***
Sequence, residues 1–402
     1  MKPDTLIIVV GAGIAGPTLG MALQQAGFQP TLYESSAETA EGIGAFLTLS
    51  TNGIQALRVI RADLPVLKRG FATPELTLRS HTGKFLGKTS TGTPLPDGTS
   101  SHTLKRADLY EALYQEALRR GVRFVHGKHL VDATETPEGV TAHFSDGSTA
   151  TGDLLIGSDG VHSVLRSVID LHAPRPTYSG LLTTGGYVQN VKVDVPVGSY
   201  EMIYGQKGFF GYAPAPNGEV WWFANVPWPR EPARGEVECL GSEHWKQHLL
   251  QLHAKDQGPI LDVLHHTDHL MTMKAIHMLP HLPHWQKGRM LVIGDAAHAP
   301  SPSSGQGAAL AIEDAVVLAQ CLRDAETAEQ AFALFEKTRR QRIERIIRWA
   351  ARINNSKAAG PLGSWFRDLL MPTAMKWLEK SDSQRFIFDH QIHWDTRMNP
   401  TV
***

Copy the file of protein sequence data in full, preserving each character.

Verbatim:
Sequence, residues 1–402
     1  MKPDTLIIVV GAGIAGPTLG MALQQAGFQP TLYESSAETA EGIGAFLTLS
    51  TNGIQALRVI RADLPVLKRG FATPELTLRS HTGKFLGKTS TGTPLPDGTS
   101  SHTLKRADLY EALYQEALRR GVRFVHGKHL VDATETPEGV TAHFSDGSTA
   151  TGDLLIGSDG VHSVLRSVID LHAPRPTYSG LLTTGGYVQN VKVDVPVGSY
   201  EMIYGQKGFF GYAPAPNGEV WWFANVPWPR EPARGEVECL GSEHWKQHLL
   251  QLHAKDQGPI LDVLHHTDHL MTMKAIHMLP HLPHWQKGRM LVIGDAAHAP
   301  SPSSGQGAAL AIEDAVVLAQ CLRDAETAEQ AFALFEKTRR QRIERIIRWA
   351  ARINNSKAAG PLGSWFRDLL MPTAMKWLEK SDSQRFIFDH QIHWDTRMNP
   401  TV